Surfer rarin’ to go after 27 hours adrift at sea

2013-04-19 00:00

CAPE TOWN — Brett Archibald (50), the Durban-born surfer who spent 27 hours adrift in a stormy sea, getting stung by jellyfish while keeping sharks and seagulls at bay, was already preparing to get back in the water yesterday.

When sister paper Die Burger called him for comment, Archibald was still sleeping “an Olympic sleep”, said Jean-Marc Tostee, a Durban surfer and one of the friends who had been on holiday in Indonesia with Archibald.

Tostee said that when Archibald was rescued, he was very thirsty and hungry, but full of jokes.

Archibald, a businessman from Camps Bay, is from Durban. He is married with two children. He made headlines on surfing and social media pages around the world after his 27-hour ordeal.

He was on a surfing tour with other mates, sailing on the Naga Laut from Padang to the Mentawai islands on the western coast of Sumatra on Wednesday morning when he fell overboard while being seasick.

Officials said he fell overboard between 4 am and 8 am. He was picked up at 6.30 am yesterday by an Australian boat, the Barrenjoey.

Tostee said he did not initially miss his mate from the cabin they shared, thinking Archibald had gone on deck to recover from seasickness.

“It was only after 8 am that we really started to panic and began searching,” he said.

A massive search-and-rescue operation was launched involving the maritime rescue authorities of Indonesia, the UK, Australia and Jakarta, as well as private boats and planes.

Tostee said they combed the sea all day with binoculars. When night fell, they knew he had been in the sea for 12 hours, but he didn’t lose hope.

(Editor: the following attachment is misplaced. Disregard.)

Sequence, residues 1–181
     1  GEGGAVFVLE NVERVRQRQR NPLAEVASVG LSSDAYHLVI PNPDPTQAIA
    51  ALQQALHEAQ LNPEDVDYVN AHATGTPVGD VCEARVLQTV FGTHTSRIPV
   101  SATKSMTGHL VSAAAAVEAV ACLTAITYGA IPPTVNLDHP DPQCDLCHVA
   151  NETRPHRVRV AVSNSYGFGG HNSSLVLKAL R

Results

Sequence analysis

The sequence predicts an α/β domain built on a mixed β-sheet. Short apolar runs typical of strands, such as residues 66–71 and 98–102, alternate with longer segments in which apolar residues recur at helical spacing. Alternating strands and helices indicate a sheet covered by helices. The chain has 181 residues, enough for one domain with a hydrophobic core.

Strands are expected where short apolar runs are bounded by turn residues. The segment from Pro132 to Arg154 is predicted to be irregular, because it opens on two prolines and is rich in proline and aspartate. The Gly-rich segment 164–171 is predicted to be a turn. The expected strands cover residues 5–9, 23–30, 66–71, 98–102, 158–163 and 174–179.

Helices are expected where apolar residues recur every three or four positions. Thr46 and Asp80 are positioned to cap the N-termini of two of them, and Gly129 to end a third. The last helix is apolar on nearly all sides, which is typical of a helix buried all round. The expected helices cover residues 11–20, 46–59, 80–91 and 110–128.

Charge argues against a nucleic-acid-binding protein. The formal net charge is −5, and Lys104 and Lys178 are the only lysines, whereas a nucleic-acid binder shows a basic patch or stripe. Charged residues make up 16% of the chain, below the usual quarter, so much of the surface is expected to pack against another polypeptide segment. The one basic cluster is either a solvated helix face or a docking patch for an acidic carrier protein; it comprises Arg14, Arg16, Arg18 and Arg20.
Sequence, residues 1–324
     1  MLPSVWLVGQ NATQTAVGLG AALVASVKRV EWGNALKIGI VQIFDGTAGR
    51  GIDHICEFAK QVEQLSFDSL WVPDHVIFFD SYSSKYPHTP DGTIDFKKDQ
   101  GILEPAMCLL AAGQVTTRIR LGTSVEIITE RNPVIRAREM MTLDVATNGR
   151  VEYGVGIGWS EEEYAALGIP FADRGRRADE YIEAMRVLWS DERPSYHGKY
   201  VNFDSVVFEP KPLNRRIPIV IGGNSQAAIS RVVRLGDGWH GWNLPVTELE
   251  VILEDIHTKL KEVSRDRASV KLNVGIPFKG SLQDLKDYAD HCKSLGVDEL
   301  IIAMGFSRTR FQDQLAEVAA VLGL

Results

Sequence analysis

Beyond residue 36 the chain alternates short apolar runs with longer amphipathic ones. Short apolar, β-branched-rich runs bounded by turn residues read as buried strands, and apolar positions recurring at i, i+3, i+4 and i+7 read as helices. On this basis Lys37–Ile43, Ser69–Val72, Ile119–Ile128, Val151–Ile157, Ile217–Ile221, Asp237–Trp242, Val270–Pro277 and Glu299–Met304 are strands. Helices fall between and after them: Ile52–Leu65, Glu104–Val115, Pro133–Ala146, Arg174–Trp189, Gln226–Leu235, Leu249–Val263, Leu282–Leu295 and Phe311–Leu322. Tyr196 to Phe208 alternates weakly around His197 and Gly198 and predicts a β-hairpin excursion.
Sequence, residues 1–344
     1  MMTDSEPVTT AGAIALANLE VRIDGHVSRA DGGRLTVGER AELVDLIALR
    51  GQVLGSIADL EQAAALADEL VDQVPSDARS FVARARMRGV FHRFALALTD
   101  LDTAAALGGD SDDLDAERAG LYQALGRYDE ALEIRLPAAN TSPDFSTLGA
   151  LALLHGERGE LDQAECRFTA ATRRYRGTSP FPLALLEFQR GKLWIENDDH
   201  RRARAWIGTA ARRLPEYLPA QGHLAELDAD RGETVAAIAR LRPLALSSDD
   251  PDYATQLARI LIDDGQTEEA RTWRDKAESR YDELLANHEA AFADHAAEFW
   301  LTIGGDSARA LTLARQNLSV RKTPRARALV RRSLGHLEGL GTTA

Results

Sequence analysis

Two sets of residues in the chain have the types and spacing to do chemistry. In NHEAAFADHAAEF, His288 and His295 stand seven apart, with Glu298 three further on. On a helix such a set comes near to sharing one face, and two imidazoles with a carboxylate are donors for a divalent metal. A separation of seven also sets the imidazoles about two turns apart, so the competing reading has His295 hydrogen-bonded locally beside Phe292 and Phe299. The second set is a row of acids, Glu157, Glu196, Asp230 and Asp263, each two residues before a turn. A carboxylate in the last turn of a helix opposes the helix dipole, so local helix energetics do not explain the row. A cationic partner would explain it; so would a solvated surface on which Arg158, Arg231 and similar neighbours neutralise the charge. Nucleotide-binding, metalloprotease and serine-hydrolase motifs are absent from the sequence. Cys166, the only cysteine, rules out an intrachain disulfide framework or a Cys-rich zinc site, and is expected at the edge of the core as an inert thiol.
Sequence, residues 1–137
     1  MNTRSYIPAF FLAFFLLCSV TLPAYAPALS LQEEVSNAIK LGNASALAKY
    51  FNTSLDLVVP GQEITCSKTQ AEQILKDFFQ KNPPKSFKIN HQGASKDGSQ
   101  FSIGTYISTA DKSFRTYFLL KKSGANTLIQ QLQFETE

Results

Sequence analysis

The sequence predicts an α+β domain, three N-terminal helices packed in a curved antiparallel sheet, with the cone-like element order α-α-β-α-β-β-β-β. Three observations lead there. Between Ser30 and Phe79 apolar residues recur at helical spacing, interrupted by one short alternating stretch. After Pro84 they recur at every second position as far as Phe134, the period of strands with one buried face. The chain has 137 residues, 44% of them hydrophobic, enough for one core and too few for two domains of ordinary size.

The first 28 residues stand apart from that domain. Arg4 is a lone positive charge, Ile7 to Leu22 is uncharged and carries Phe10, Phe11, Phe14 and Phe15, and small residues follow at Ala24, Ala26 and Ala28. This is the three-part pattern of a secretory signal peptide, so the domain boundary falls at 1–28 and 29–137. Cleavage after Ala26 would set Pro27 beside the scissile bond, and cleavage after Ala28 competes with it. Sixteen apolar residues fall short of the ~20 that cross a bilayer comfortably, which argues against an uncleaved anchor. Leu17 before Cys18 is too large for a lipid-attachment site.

“I believed that Archie was strong enough mentally and physically to survive the night in the sea if he hadn’t already been picked up by a local fisherman in a small boat or something similar.”

Yesterday, All Aboard Travel posted that Archibald had been rescued by Australians John and Doris McRoder in their boat Barrenjoey.

By then he had drifted 16 km in high swells, treading water and floating on his back for 27 hours.

Immediately after his rescue, Archibald told Surfing Life that at one point he had given up hope and tried to swallow water and just sink. But the water was too salty to swallow and he kept bobbing back to the surface.

Then he regained control and told himself to hold on. “I kept on treading water and swimming.”

Tostee said there were jubilation and even a few tears when Archibald was rescued.

He had spent the best part of yesterday sleeping aboard the Naga Laut, where it lay at anchor at Iceland, a popular surfing spot.

“When he awakes, we will give him another sleeping pill. But tomorrow we will surf at the most beautiful place,” said Tostee.

A comment on the Zigzag magazine website by a reader, Ann, summarised surfers’ feelings: “How amazing to wake up to this news. For once we have some good happening, he’s a flippin legend but there again he’s a surfer and you guys are another special breed.”

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